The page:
Prothrombotic mechanisms and anticoagulant therapy in dogs with immune-mediated hemolytic anemia


  • The authors declare no conflict of interests.

Address correspondence and reprint requests to

Dr. Linda Kidd, DVM, Western University of Health Sciences, College of Veterinary Medicine 309 E Second St Pomona, CA 91766.




To review the pathophysiology of thrombosis in hemolytic disease, and the efficacy of thromboprophylaxis in dogs with immune-mediated hemolytic anemia (IMHA).

Data Sources

Computerized searches of Pubmed, INDEX VETERINARIUS, and the journal database of the Veterinary Information Network, and a manual search of bibliographies of published manuscripts.

Human Data Synthesis

Experimental data suggest that hemolysis leads to the induction of the potent procoagulant tissue factor on monocytes and endothelial cells and subsequent activation of coagulation. In addition, damaged red cells, activated platelets, and small cell-derived membrane vesicles called microparticles may contribute to coagulation by providing membrane surfaces containing exposed anionic phospholipids that serve as docking sites for prothrombinase (factor Va-factor Xa) and tenase (factor VIIIa–factor IXa) complexes of the coagulation cascade. Some microparticles also contain tissue factor, further fueling coagulation. Thromboprophylaxis for hemolytic disease in people primarily targets the coagulation cascade rather than platelets, as most thromboemboli are of venous rather than arterial origin. The use of unfractionated heparin is closely monitored to ensure therapeutic levels are reached.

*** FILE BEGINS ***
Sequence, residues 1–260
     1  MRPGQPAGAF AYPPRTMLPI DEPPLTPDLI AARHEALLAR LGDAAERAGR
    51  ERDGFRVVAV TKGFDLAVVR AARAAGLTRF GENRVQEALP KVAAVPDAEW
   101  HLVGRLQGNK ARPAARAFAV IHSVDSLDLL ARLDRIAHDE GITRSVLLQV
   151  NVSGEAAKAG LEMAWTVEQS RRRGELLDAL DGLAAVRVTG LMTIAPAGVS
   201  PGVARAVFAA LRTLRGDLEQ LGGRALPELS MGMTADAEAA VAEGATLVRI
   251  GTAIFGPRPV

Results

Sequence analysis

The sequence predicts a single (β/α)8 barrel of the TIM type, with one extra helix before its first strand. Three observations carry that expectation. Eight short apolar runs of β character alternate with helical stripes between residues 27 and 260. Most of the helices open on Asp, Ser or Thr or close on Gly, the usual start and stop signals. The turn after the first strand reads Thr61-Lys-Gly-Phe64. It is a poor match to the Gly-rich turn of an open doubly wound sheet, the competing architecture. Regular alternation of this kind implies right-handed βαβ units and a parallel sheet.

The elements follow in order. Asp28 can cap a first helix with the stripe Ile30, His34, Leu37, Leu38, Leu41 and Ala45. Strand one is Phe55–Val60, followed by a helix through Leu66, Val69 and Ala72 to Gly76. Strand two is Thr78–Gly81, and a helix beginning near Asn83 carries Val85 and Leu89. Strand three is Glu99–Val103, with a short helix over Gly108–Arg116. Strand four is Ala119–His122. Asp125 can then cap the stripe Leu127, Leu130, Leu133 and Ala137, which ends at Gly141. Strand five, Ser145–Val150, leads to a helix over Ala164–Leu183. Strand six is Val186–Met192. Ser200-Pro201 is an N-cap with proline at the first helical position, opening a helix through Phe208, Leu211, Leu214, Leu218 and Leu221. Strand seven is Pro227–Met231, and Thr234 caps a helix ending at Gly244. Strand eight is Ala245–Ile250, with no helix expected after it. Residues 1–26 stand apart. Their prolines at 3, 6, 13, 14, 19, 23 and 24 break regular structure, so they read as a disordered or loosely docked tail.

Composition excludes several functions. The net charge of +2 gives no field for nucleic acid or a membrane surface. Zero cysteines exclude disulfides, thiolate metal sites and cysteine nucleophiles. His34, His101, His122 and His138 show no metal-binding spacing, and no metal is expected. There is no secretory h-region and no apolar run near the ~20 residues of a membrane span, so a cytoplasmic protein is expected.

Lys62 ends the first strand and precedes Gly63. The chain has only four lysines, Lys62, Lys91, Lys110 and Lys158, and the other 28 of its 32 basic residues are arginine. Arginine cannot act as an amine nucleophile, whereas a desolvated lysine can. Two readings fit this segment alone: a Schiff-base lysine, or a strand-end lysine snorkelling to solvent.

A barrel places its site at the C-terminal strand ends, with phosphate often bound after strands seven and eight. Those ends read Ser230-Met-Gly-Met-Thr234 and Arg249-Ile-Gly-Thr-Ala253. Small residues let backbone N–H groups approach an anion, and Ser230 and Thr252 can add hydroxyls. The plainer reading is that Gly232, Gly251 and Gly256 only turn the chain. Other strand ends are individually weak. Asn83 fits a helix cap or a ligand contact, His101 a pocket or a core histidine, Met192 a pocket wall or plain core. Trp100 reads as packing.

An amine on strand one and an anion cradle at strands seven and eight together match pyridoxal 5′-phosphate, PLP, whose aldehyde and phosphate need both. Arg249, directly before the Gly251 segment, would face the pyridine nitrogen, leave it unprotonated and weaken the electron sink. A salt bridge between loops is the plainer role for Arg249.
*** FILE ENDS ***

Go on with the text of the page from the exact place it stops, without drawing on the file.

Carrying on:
Veterinary Data Synthesis

Thromboembolic disease is a major factor affecting survival in dogs with IMHA. It is likely that hemolysis contributes to the prothrombotic state. Thrombosis occurs in both veins and arteries, with pulmonary thromboembolism (a venous thrombus) occurring very commonly. Evidence suggests that tissue factor mediates the development of the prothrombotic state. Heparin, and the anti-platelet agents aspirin, and clopidogrel have been used for thromboprophylaxis in dogs with IMHA. However, a lack of validated therapeutic endpoints and controlled studies make it difficult to determine if survival is affected or if 1 drug is more effective than another.


Prospective clinical trials comparing individually adjusted heparin or other anti-coagulant drugs to anti-platelet drugs are needed to make evidence-based recommendations for thromboprophylaxis in dogs with IMHA.